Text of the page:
Jones made sure that changed, letting Hurd know he was a priority shortly after taking over at Tennessee. Another boost for the Vols came on Christmas Day when athlete Vic Wharton from Independence High School in Nashville, Tenn., became Tennessee’s first commitment for the 2014 class.
Wharton has since focused on spreading the word about Tennessee to recruits throughout the state and nation. He’s done so with his twitter account, which is filled with messages promoting the program.
— Victor LaRoy Wharton (@VWharton5) March 15, 2013
Hurd and Kelly have gotten into the mix as well. Kelly said Monday he would call several prospects to help recruit them to Tennessee. Hurd was one of them.
Will their effort pay off? It’s too early to tell, but Hurd’s commitment on Thursday is an indication the perception of Tennessee’s program is changing. Other prospects are noticing, too.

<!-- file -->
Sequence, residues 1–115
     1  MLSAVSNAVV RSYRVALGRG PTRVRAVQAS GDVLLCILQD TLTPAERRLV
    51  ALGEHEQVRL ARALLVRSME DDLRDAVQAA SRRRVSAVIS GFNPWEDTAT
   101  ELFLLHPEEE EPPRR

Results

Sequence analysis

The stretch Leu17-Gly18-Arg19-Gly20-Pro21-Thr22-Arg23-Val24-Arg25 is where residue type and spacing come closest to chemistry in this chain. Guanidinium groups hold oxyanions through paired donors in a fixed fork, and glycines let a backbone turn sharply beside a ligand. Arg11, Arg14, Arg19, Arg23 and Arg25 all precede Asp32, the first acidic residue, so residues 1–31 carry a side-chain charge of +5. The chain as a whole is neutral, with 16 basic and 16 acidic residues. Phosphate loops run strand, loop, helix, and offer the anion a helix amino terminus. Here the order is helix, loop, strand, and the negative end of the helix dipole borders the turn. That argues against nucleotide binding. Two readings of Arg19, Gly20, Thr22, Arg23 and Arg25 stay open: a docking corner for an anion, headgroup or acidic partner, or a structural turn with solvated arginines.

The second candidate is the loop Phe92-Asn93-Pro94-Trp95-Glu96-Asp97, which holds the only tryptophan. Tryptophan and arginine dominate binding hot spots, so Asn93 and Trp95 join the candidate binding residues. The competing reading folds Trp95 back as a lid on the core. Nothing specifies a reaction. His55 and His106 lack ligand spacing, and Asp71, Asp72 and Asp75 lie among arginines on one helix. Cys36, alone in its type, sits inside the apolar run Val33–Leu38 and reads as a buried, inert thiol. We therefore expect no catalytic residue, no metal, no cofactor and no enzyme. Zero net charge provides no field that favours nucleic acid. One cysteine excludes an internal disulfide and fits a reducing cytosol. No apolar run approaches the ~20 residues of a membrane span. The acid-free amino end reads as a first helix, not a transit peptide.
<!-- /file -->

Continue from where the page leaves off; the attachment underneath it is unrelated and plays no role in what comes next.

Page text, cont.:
“It’s changed significantly,” Independence defensive back Rashaan Gaulden said of Tennessee’s perception. “You’ve got some of the top players in the state of Tennessee committing. The vibe has changed there.”
Gaulden has scholarship offers from 12 schools, including Tennessee, Kentucky, Mississippi State, South Carolina and Vanderbilt. Florida State has recently shown serious interest, according to Gaulden.
But no one contacts Gaulden as much as Wharton.
“I hear from Vic about (Tennessee) 20 times a day because we go to the same school,” Gaulden said. “He’s nagging me, every minute of every day.”
Gaulden isn’t the only one.
Hamilton set to announce
Linebacker Shaun Dion Hamilton will announce his college decision on Sunday at Montgomery (Ala.) Carver High School.
Hamilton told ESPN RecruitingNation he wants to finish the recruiting process early so he can focus on his senior year.
“I’m real serious about winning the state title,” he said.
Hamilton is considering Alabama, Auburn, Florida, Tennessee, Southern California and UCLA. Don’t be surprised if it comes down to an Alabama-Auburn battle for Hamilton’s services, according to ESPN.